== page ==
We find the term "Media Virus" helpful as a tool to understand how the Media co-opts, then destroys (often vaporizing a concept instantly), ideas and acts of revolutionary potential. this view observes that Media behaves like a living organism, and that ideas, concepts and images mutate, like viral agents, within this "datasphere." According to this theory, and idea replicates and evolves as it moves through the Mediated grids of expression. It both subverts the "cells" it passes through, while also becoming changed itself: a Media Virus is not a catalyst (that which remains unchanged), but, rather, a force on an often unpredictable trajectory.

The Media changes the context of each idea it absorbs, and, as Jean Baudrillard and the "post-structuralists" have noted, causes the meaning within ideas to implode: all that remains from this process is a Media of commodified objects.

There are some who say, for example, that it is useless to call a revolt a "revolt," or a "revolution," because, in the Media Age, all revolts become labeled, defined and are eventually packaged as commodities -- usually linked with certain market niches -- which fuel the overall mechanisms of mediation over life.

We see a crack in this co-optation machinery: what would happen if a revolt which held refusal of mediation at the core of its message were to build momentum outside of the Media's grids of expression? This revolt, rather than manifesting itself as a sedentary organization or series of stationary institutions, adopts an unfixed stance; we are not a "solidarity" movement, but one of fluidarity, striking with stealth, surprise and creativity against Media's institutional stations.

We may, at times, appear to 10 come from nowhere; in fact, the tensions and contradictions inherent in modern Media provide us with an underscreen of tunnels through which we travel, elusively, both to shadow and to illuminate the nomadic and economic forces of the power we oppose.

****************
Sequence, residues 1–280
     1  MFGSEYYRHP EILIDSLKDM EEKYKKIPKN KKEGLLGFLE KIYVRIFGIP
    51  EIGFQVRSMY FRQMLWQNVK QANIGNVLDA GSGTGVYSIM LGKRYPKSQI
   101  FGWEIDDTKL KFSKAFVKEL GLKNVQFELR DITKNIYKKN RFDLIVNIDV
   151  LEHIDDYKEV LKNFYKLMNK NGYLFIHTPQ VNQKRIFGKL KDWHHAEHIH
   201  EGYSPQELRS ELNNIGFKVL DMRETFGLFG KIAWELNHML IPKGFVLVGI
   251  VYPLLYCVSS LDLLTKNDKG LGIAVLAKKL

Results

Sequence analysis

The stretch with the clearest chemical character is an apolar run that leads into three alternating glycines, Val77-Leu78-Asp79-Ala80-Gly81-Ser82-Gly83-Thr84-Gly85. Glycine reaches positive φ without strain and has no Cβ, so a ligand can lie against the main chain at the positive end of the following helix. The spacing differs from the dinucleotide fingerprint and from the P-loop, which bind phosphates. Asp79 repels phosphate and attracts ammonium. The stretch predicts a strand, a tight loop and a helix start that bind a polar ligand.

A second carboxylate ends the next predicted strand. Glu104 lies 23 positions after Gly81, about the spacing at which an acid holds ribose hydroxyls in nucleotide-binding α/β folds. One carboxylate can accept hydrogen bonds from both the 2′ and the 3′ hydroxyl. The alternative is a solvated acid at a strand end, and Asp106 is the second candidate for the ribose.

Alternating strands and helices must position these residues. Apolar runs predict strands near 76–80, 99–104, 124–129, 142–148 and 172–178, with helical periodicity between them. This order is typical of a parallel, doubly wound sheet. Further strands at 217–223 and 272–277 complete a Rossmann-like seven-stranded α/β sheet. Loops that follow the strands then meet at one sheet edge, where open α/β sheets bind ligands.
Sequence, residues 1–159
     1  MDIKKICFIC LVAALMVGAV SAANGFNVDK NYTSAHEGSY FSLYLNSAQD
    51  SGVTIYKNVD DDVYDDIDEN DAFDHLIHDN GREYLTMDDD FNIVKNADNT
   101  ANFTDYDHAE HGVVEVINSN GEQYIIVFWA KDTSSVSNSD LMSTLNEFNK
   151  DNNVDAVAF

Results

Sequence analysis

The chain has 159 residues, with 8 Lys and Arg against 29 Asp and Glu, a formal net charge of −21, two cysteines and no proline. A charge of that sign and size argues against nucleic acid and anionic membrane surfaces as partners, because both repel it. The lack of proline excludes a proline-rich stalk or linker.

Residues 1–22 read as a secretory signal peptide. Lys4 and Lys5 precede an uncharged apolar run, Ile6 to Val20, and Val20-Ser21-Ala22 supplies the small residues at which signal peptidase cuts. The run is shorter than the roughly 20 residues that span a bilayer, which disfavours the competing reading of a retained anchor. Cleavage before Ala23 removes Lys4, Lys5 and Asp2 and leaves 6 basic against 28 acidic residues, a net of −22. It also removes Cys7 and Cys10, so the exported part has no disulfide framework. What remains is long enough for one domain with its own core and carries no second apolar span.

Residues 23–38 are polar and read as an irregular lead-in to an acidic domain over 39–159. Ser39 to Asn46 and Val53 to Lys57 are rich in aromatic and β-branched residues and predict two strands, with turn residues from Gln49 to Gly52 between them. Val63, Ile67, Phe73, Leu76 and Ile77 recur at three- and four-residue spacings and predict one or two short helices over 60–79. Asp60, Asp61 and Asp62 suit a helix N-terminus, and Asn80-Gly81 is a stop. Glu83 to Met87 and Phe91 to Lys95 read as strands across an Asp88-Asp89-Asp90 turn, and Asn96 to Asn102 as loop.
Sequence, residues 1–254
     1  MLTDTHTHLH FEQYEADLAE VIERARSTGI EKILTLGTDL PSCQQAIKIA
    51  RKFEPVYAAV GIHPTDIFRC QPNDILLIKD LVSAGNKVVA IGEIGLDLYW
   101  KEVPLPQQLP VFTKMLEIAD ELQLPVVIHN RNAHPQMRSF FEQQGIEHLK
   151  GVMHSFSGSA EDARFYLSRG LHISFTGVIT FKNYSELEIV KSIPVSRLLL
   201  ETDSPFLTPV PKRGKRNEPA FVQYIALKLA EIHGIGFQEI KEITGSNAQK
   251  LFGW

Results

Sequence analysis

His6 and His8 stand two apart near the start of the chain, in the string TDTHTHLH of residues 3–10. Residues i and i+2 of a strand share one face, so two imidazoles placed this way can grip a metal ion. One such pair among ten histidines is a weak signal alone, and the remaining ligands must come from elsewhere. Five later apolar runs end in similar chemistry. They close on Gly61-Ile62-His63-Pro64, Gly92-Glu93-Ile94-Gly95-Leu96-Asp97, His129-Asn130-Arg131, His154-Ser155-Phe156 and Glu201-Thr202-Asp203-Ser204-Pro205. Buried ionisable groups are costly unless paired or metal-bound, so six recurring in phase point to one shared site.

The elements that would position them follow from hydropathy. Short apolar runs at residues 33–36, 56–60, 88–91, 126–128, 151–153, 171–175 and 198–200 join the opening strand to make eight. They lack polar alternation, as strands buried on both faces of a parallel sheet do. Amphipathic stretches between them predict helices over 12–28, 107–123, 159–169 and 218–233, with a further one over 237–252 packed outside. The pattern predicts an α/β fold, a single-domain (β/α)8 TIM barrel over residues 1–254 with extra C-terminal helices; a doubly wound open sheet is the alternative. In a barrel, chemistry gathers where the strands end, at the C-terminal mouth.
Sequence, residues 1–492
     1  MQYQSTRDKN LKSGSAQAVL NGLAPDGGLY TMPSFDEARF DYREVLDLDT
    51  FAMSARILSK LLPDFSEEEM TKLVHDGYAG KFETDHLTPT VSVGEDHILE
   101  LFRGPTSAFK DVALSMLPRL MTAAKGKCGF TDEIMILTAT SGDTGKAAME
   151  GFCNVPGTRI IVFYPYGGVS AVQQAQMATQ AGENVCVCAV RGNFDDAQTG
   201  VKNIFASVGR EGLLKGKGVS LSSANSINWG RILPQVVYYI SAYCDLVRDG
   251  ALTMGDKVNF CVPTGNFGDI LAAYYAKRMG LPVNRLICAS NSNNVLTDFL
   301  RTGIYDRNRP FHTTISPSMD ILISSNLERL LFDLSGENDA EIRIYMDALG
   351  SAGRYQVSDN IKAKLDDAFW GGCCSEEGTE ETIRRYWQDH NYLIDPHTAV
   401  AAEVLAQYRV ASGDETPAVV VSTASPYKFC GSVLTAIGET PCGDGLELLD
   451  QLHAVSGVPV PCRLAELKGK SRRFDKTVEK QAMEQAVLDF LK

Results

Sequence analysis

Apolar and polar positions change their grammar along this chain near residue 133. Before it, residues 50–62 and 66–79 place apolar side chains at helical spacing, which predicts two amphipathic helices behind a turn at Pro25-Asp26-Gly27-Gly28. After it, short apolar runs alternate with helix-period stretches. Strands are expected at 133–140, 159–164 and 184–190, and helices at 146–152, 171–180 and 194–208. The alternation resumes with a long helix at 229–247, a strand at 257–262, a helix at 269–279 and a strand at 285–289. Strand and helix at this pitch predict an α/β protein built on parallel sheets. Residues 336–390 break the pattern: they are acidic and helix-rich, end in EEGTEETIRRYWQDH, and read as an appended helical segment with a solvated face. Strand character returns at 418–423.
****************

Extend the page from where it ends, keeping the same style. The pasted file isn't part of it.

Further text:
In other words, we are busy constructing an Immedia Virus, creating a situation in which the powers of the Media, should they attempt to co-opt and commodify our message, will be turned against themselves, creating additional ruptures in Media's armor of illusion, which we will then further exploit for the purposes of destroying Media's control over life.


C. In history, revolts have been conducted against
governments, leaders and classes. But how can a
revolt be formulated against a technology such as Media?

An immedia project's revolution against Media, Mediation and Middlemen acknowledges a unique situation before us. Because all people suffer under the Mediated Society, every individual is, potentially, an ally in this cause.

Conversely, because each and every one of us becomes Middlemen in the course of participating in economics, politics and even creativity, every individual (including ourselves) is, potentiall, the enemy, too.